March 22nd and 23rd I attended and presented at the ASIS&T Research Data Access & Preservation Summit in New Orleans. This is a small but focused meeting with about about a hundred attendees. Participation was highly encouraged with lots of questions being asked, spontaneous discussion, and spur of the moment lighting talks. Everyone there was focused on issues related to managing, curating and preseving data. Overall there was considerable discussion throughout the two days centering on solutions for addressing data managment requirements, with many institutions launching or using traditional institutional repositories to address this requirement seemingly in the absence of other options. The other thread throughout the two days consisted of the need to create training in data management and curation for experienced librarians who are being asked to help support these endeavors.
Some highlights from the panels which were centered around the following five themes.
Data management plans and policies - Suzanne Allard with DataOne emphasized the need to focus on developing the tools scientists need in order to shift the culture, in particular she pointed out their continued focus and work on interoperabily and the need for everyone to work together on this. RUCore at Rutgers, built on Fedora, was showcased as one model for data management. They've integrated with the researcher's workflow system, created discipline specific portals, and are developing tools such as RUAnalytics that let researchers annotate video for example. The Texas Digital Library is also looking at workflow and has integrated their repository with the Open Journal System for their community.
Data Citation - It was noted that ASIS&T will be publishing best practices for citing data soon. DataCite's Mark Martin spoke to the confusion around citing data e.g. no real acknowledgement, processed and packed forms, which mirror was used, which edition or version of th data, where to get the data, etc. The idea of citation landing pages garnered a heated discussion ranging from concerns of whether you'd need landing pages for subsets of collections and others noting that that this starts to sounds like a MARC record system. Paul Uhlir from the National Academy of Sciences spoke about philosophical differences between the US and Europe in the approach to developing a citation style.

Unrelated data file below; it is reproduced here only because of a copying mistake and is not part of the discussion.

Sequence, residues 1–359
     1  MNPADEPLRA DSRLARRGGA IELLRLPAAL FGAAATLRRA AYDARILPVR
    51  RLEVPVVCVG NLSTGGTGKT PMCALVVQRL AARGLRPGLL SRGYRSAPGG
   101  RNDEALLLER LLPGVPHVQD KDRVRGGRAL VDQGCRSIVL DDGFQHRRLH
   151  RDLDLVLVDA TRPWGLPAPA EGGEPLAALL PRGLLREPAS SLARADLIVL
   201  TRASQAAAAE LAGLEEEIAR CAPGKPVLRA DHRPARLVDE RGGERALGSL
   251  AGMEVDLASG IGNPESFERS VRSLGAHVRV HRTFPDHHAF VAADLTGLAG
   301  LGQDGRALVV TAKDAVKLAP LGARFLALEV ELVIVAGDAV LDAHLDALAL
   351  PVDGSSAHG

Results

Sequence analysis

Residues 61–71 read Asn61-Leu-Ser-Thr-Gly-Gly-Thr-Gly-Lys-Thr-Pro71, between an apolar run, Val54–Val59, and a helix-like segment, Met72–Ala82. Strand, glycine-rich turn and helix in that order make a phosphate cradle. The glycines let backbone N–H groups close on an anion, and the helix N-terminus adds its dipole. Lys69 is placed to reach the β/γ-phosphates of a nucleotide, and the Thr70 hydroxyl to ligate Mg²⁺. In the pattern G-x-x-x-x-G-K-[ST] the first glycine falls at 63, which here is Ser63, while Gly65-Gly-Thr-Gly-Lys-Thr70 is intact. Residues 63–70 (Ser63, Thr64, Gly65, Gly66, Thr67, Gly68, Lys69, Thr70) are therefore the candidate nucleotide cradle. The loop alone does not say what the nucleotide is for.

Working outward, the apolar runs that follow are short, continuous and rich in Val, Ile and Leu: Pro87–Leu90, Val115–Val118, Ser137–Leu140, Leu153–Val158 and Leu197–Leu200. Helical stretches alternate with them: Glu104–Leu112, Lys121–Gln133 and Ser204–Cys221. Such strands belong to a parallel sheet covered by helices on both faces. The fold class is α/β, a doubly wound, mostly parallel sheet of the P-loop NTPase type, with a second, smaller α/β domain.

Curation Services and Models - David Minor of the University of California San Diego spoke to their experiences with high performance computing and storage management and recent pilots in data curation ranging observational data of the human brain to archeology to geological collections. Michael Witt explained how Purdue's PURR is being set up to support data management and the process they plan to put in place for managing data. I was one of the panelists for the Curation Services and Models panel and presented on the services we've been developing and building at Johns Hopkins. There was good interest in the work we're doing particulary in how we've scoped and modeled service provision within the JHU DMS.
Sustainability - The ArXiv.org presentation pointed out how their community is expanding into other scientific domains and the success of this resources. Models for financially sustaining ArXiv.org are being reviewed including a potential membership model. Dryad's Peggy Schaeffer talked about their financial model with involves working with publishers and charging them a fee everytime an author deposits data in Drayd in association with a publication. Fees are kept very low but so is the storage allocated for that fee.
Training Data Management Practitioners - Kirk Borne of George Masson University shared his experiences with training high school students in data mining and the importance of building these skills in young people. Peter Fox talked about the Computer Science Programs at Rensselaer Poloytechnic Institute the need to think about application themes by domain. Jian Qin of Syracuse University talked about their new online training opportunities in data services. She noted that data literacy is not just important for science students but also important for librarians.
Besides panels there was a lively poster session and lots of opportunities to network and learn from others. The models for data management and service provision range widely as the needs of researchers and communities differ from institution to institution. - Barbara Pralle